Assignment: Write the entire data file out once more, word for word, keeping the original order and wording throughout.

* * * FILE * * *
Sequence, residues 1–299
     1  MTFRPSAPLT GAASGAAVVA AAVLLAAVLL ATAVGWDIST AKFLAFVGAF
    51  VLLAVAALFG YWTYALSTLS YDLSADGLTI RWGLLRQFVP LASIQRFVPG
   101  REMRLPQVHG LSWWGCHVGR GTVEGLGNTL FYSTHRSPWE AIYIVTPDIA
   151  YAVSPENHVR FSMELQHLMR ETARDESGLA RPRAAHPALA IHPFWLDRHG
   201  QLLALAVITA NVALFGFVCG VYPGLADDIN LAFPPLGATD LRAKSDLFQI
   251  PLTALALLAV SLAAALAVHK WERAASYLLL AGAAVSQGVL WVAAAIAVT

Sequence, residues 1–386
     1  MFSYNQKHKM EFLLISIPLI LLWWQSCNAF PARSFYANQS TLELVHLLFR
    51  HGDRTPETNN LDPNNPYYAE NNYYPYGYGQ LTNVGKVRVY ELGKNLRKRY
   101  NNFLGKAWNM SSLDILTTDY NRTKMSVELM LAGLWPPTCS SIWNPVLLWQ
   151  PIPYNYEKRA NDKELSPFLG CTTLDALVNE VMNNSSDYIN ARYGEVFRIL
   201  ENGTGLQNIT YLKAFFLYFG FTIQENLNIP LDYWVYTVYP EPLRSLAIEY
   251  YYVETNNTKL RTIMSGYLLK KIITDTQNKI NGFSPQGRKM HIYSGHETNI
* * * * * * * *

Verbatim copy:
Sequence, residues 1–299
     1  MTFRPSAPLT GAASGAAVVA AAVLLAAVLL ATAVGWDIST AKFLAFVGAF
    51  VLLAVAALFG YWTYALSTLS YDLSADGLTI RWGLLRQFVP LASIQRFVPG
   101  REMRLPQVHG LSWWGCHVGR GTVEGLGNTL FYSTHRSPWE AIYIVTPDIA
   151  YAVSPENHVR FSMELQHLMR ETARDESGLA RPRAAHPALA IHPFWLDRHG
   201  QLLALAVITA NVALFGFVCG VYPGLADDIN LAFPPLGATD LRAKSDLFQI
   251  PLTALALLAV SLAAALAVHK WERAASYLLL AGAAVSQGVL WVAAAIAVT

Sequence, residues 1–386
     1  MFSYNQKHKM EFLLISIPLI LLWWQSCNAF PARSFYANQS TLELVHLLFR
    51  HGDRTPETNN LDPNNPYYAE NNYYPYGYGQ LTNVGKVRVY ELGKNLRKRY
   101  NNFLGKAWNM SSLDILTTDY NRTKMSVELM LAGLWPPTCS SIWNPVLLWQ
   151  PIPYNYEKRA NDKELSPFLG CTTLDALVNE VMNNSSDYIN ARYGEVFRIL
   201  ENGTGLQNIT YLKAFFLYFG FTIQENLNIP LDYWVYTVYP EPLRSLAIEY
   251  YYVETNNTKL RTIMSGYLLK KIITDTQNKI NGFSPQGRKM HIYSGHETNI